Trying To Feel The Meds
For some of Maple City Health Care Center’s patients, taking the right medicine at the right time is a matter of life and death.
For Santiago, taking the right medicine is crucial because of an advanced stage of diabetes, but taking the right medicine also difficult because he is legally blind.
At Maple City Health Care Center, Santiago has a team of care providers. The team includes a physician, a nurse practitioner, a nurse health coach, a nurse care coordinator, a behavioral health provider, a nutritionist, and three medical assistants.
After having missed appointments for an extended period of time and after seeing other physicians, Santiago arrived at Maple City Health Care Center for a diabetes check.
James, the physician on Santiago’s team, asked Santiago about his medications. James was especially interested in prescriptions that other physicians might have made. Santiago confessed that he was confused about what medications he was supposed to be taking.
Because members of Santiago’s care team work together in the same room, James could speak immediately with Arely, the nurse care coordinator on Santiago’s team.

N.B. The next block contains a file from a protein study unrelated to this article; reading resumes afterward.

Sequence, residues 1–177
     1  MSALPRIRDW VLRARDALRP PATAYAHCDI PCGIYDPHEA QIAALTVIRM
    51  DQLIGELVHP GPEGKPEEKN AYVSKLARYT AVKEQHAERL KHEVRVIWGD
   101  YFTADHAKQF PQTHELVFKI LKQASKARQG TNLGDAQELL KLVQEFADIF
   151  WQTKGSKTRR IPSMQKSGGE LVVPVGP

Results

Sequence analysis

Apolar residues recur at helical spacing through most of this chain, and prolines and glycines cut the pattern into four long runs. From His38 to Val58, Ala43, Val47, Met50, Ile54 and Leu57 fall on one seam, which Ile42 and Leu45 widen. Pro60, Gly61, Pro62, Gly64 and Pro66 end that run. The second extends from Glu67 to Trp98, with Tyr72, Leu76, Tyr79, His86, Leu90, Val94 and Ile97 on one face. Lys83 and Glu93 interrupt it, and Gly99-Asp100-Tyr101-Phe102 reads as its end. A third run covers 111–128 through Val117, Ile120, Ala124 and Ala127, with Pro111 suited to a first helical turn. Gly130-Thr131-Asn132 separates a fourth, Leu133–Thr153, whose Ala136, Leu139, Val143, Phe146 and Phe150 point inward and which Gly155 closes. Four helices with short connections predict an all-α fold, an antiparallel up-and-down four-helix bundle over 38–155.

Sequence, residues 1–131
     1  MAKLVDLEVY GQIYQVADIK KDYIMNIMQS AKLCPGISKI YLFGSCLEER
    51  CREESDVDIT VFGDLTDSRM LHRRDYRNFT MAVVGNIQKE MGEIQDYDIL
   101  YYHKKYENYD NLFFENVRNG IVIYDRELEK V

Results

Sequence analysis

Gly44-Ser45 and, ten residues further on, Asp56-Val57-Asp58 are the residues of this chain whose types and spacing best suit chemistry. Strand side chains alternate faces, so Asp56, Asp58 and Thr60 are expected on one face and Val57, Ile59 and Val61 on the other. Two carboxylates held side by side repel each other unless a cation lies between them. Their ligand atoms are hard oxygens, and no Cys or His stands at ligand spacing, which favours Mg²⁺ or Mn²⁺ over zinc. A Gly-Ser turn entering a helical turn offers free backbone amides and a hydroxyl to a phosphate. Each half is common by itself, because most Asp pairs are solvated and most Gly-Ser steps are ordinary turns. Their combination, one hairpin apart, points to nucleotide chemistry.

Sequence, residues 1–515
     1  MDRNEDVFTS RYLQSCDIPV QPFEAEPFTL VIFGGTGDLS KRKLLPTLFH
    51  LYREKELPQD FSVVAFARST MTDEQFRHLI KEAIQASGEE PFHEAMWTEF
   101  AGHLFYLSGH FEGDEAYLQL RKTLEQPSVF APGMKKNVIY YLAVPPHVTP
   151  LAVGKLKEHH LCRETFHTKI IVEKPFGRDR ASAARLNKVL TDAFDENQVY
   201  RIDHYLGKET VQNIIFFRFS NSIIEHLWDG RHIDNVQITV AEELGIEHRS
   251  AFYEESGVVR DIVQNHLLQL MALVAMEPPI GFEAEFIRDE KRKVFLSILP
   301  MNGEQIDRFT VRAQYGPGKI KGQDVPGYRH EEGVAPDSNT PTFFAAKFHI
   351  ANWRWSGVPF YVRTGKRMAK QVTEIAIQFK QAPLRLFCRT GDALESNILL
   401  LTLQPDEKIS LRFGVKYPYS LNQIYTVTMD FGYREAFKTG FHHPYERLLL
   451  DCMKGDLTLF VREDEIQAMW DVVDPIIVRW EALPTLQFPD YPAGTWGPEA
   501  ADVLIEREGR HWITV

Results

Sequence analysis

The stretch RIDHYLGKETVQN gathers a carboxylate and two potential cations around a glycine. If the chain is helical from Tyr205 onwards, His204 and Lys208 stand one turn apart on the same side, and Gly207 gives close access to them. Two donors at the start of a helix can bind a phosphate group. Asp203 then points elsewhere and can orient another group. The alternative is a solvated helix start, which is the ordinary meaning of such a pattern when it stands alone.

Arely called Santiago’s pharmacy and discovered that Santiago’s prescriptions included four very important medicines – one medicine to be taken three times a day, one medicine two times a day, and two medicines once a day.
James reviewed the list of medications and noticed that two of the medications were contraindicated and that two other medicines duplicated each other. James changed Santiago’s prescription from four medications to two. While the change simplified Santiago’s task, he still struggled to tell one pill from the other.
Arely worked with Santiago and soon understood the specific challenges. Santiago couldn’t see the labels on the bottles or the color of the pills. He couldn’t read Braille. The only way that Santiago had of identifying the pills was by feeling them, but the pills for the two medications were both circular in shape and were both about the same size.
Arely talked with Santiago about whether a pill dispenser might help. Santiago liked the idea, but he expected that finding transportation to a store to buy one was going to be a challenge. Mariana, the medical assistant on Santiago’s team, made a quick trip to a drug store and brought back a double-tiered, one-week pill dispenser.
Arely filled the dispenser and taught Santiago how to identify and open each compartment. Arely and Santiago decided that if he brings the container with him for his regular appointment, someone on his care team will fill the container with the right meds.
Santiago arrived that day at Maple City Health Care Center unable to feel his meds. He left feeling confident in his new plan to ensure a healthier future.